O, don't laugh at me

    There aren’t many comparisons to be made between me and Richard Nixon, but there is one: We’re both paranoid as fuck. The comparison falls apart when you realize that Nixon was right, and I’m probably wrong, but still, the base emotions are the same.

    No, I don’t have a list of enemies, and no, I don’t record all my conversations, but I do sometimes find myself thinking that people are out to get me. More specifically, I think that people are always laughing at me.

    Here’s a situation: I’m sitting on the El, on the way to some awesome event in downtown Chicago. I’m either listening to my iPod or reading or both. My fellow riders include some college students, some silent adults staring straight ahead and a few token hobos. Two of those college students (girls, of course) start talking and laughing together. Suddenly, I get really self-conscious. If my life were an indie comic book drawn by Chris Ware, this would be the panel filled with a big close-up of my head showcasing a sad, lonely expression. No matter what happens now for the rest of the ride, I can’t get over it.

    Or take this scene, where my PA group is meeting for the first time, and I don’t really know anyone, but a couple girls are hitting it off about something, and one of them said something, and now they’re both laughing, and OH GOD WHAT DID I DO? ARE THEY JUDGING ME?? IS THERE SOMETHING IN MY TEETH??? CAN THEY TELL JUST FROM LOOKING AT ME THAT I HAVE SPENT HOURS IN BORDERS FLIPPING THROUGH BOOKS BY HAROLD BLOOM????

    This is my life.

    It’s pretty weird for me to feel this way, and moreover I know it’s pretty weird. The main problem, as I see it, is that there was a period of my life where people did laugh at me. If you know me as I am now, take my combined weirdness and extrapolating it exponentially, and you’ll get a feel for how awkward I was in junior high. If it was possible for me to pull out a copy of Watchmen and reread it for the fifth time rather than making small talk with acquaintances, I’d bury my head faster than you could say “lifelong neurosis.” So there were kids laughed as I sat silently reading, because they were normal and I was not and it was funny.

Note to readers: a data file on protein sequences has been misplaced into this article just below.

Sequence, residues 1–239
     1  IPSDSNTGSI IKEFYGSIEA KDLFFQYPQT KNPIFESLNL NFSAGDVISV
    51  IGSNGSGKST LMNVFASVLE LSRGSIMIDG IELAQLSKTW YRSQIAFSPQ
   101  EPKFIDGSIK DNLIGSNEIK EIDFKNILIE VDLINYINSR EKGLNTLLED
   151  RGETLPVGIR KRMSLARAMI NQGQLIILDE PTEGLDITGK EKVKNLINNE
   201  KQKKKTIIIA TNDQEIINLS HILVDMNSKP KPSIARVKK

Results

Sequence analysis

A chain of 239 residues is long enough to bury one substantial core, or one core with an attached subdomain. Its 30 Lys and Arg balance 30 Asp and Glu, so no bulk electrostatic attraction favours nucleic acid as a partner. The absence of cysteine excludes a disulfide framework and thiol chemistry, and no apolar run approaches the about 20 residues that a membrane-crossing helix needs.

Granted, I was weird. If I was bequeathed a time machine and journeyed back to watch myself reading Watchmen in the bleachers waiting for an assembly or something, I would probably sit down with those laughers, point a finger at my younger self and declare something along the lines of, “Ha! What a weirdo.” Comics are cool and all (check out the list of highest-grossing movies from the last decade if you don’t believe me), but using them as a shield from social interaction is not. The combination of my own inherent strangeness (which in my mind justifies other people laughing at me) and my extreme self-consciousness makes me really uncomfortable when people are laughing close to me, and I don’t know exactly what they’re laughing about. This neurosis doesn’t manifest in any other situation, so it doesn’t dominate my life. But when it does sneak up on me like a ninja assassin, it freaks the bejeesus out of me.

    Interestingly enough, I love to laugh. I actually cackle like a mad scientist from Dexter’s Laboratory (another weirdness alert for those of you keeping score at home). But just like how Steve Jobs loved tinkering with other people’s inventions but refused to let anyone else do it (cut to computer whizzes nodding their heads sadly), I can’t stand people laughing at me. I’m sure that’s true of a lot of people. The difference is, I think that people are laughing at me a lot.


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